Volvo ACC Concept (2001)
Volvo ACC Concept
The Volvo Car Corporation is now preparing itself for the leap into the demanding and expansive SUV segment. The Volvo Adventure Concept Car (ACC), which will be given its first showing at the international motor show in Detroit, is the first indication of what is waiting around the corner.
"We want to show that we mean business when we say that we have what it takes to compete with the very best in the SUV segment," says Hans-Olov Olsson, president of Volvo Car Corporation. It should be stressed that the Volvo ACC is not the car customers will see in dealer showrooms when Volvo Cars' first SUV (Sport Utility Vehicle) is launched, an event that will take place within the next two years. This concept car should instead be seen as a "thermometer", a tool for assessing the expectations and demands the market has when it comes to an SUV from Volvo.
"We are naturally hoping to create a solid commercial base for our introduction. It is therefore important to hear the views and comments of our customers while we still have time to make precision adjustments to the product," says Dieter Laxy, head of marketing, sales and service at Volvo Car Corporation.
The name "Adventure" emphasizes the ability to be an integrated part of the owner's lifestyle. Volvo ACC is the right choice for all types of safe adventures, thanks to a fine-tuned combination of off-road capability, driving pleasure, roominess, safety and comfort. During the time the Detroit Motor Show is open to the public, visitors will be able to make their views of the ACC known directly to Volvo's SUV team via special computer monitors. At a later stage, Internet users all over the world will have the same chance to pass on their comments to the product developers.
Tackling major challenges
The Volvo ACC is based on five basic assumptions about the properties the market expects in an SUV from Volvo Cars.
- Driving characteristics on a par with those in a well-balanced car, when it comes to both road feedback and driving safety.
- First-class protection for all the occupants in an accident - without being unnecessarily aggressive to the other car in a collision. Tackling this classical SUV challenge is a matter of top priority at Volvo Cars.
- Powerful, responsive engines combined with competitive fuel consumption and operational economy.
- Emissions on the same level as those of a normal car. The target is that this larger, heavier model will also comply with the US requirements for ULEV and ULEV II.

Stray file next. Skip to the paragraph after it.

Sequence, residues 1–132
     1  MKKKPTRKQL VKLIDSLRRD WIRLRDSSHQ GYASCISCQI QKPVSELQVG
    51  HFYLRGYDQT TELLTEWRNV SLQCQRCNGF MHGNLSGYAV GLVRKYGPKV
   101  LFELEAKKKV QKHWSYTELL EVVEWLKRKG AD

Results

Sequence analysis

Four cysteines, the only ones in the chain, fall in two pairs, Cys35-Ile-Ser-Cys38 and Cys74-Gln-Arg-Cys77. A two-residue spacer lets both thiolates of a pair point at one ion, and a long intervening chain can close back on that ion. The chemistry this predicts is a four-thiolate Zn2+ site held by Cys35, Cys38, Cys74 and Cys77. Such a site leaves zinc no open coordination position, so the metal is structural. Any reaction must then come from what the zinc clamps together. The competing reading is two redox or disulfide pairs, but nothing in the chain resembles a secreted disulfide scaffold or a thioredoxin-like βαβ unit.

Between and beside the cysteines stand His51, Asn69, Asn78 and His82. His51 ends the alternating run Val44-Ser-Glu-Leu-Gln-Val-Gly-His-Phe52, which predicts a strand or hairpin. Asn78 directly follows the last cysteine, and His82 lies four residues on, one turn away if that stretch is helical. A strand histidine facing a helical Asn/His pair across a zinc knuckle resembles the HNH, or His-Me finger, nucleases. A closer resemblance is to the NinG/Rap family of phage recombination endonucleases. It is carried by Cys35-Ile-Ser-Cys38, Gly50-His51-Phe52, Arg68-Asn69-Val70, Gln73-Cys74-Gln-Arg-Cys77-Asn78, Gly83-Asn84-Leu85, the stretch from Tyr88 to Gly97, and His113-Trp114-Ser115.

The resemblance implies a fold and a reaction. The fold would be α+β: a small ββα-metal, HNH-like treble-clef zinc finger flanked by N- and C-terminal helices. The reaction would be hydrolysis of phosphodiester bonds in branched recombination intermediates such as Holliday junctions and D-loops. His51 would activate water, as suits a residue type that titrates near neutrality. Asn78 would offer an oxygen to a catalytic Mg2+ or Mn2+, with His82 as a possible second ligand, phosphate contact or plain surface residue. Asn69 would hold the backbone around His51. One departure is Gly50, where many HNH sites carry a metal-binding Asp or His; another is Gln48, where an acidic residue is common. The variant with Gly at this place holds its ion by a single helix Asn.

- Generous interior space without taking up too much room on the road. In a number of customer surveys, SUV customers mention "exactly the right size". Volvo Cars is aiming to find the format that attracts customers.
Four top-class seats
It goes without saying that all these properties are reflected in the ACC's design language. Like the Volvo S60, the Volvo ACC has what is known as a "cab forward" appearance; in other words, the driver's area is at the very front. The front lines slope forward gently to create a muscular impression without making the car look aggressive.
"We are interested to see the kind of reception people give to a large Volvo. The target has been to find a design that is not as 'macho" as that of many other SUV models in the segment. We prefer to talk about a masculine appearance, a design that creates a sense of security. This is important in view of the fact that many SUV buyers are women who like the feeling of safety and control," says Peter Horbury, chief designer at Volvo Car Corporation.
Yet again, the design team draws parallels with a jet aircraft. In the Volvo ACC, the driver sits high up and well to the front, with good visibility outside the car and perfect control of the low-level instruments.
The Volvo ACC has four seats and an exceptional equipment level. Among other things, passengers have access to a refrigerator, TV and a world-class audio unit.
"Like flying comfortably and low in first class. You can travel from coast to coast in the USA, with your business colleagues or your family, without being deprived of any comfort or convenience," concludes Peter Horbury.